It’s a bit silly toplessness is still a problem in 2017, especially considering Ontario essentially made the act legal in 1991 when Guelph University student Gwen Jacobs won her court case. Municipalities have followed suit, adjusting policies where needed to adapt to this change, but it still isn’t common place. Women still get harassed and told to put more clothes on. Public beaches and pools still don’t understand that it is perfectly acceptable for women to go topless while outdoors. And men use this as an opportunity to make sexual remarks or comment on a woman’s figure.

While I was in Mexico, I went to a beach every day and saw women of all shapes and sizes walking around without a bathing suit top on. And you know what? It wasn’t a big deal! And in Europe families walk down the street or relax in the park wearing nothing but underwear! So, why is it that in North America it’s so taboo?

Personally, I think the sexualization of a woman’s breasts has become so engrained in social culture that it has seeped its way into every day activities. Anatomically, women have breasts in order to breastfeed. They were never “meant” to be sexual objects, and yet the number of brassieres and pasties makes it impossible to think of them as anything else. Even for women it becomes stigmatized. I know that for myself, being in public without something covering my breasts would make me uncomfortable. That’s a shame, but a reality of the kind of society we live in.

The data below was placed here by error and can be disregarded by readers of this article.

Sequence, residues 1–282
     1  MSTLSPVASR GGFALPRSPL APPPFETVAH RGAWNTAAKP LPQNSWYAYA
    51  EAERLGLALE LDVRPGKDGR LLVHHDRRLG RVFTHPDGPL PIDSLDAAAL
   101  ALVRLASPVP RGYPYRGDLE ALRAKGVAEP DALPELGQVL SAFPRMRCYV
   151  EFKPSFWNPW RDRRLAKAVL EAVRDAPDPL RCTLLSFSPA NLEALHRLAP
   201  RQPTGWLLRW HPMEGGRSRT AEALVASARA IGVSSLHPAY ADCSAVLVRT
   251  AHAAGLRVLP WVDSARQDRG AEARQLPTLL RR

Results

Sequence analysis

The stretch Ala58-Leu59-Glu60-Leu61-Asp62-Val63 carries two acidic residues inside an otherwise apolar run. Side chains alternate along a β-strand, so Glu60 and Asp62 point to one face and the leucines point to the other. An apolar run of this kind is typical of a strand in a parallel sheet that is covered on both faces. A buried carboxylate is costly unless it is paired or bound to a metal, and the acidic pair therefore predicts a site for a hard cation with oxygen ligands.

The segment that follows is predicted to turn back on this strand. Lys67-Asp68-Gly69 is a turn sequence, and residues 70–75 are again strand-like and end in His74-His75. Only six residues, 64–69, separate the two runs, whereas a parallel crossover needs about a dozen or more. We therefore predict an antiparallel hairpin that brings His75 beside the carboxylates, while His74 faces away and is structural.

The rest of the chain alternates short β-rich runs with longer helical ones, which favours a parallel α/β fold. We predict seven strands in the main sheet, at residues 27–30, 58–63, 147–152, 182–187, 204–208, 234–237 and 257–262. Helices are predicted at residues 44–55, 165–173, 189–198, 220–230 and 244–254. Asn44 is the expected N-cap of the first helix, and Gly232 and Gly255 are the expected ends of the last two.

For those women who do feel comfortable — rock on! Remember that breasts are a part of the human body. They are not sexual objects, despite what people have been taught, and are no different than the nipples men showcase every day of the summer when they wander around downtown without a top.

So next time the heat becomes too much to stand, remember that baring your breasts is legal and totally okay — and don’t let anyone tell you otherwise.

Will toplessness ever be considered a norm for both women and men? Let us know what you think in the comments below! 

Time to tell male friends they are guilty of ‘Mansplaining’

Have you ever had a man interrupt you to explain something you know more about? Or how about being told how you feel from a guy instead of being asked? Or just felt this uneasy feeling of inferiority when talking to a man who appears to be leering at you and not actually listening at all?

If you have answered yes to any of the above, you have been ‘mansplained’ to, which is an annoying experience to say the least.

‘Mansplaining’ is described as an experience when a man with an undeserved air of authority condescendingly explains something to a woman who generally knows more about the topic at hand. Interestingly, I can recount several occurrences of having experienced ‘mansplaining’ and was too naïve to understand it wasn’t respectful. There have been dozens of times when male friends, partners, and family members have explained what my job as a journalist is and how it impacts me as a person in the suffering media industry. Instead of asking me for my opinion on my career as a journalist, I was informed of how I should feel about it. Thanks guys, much appreciated.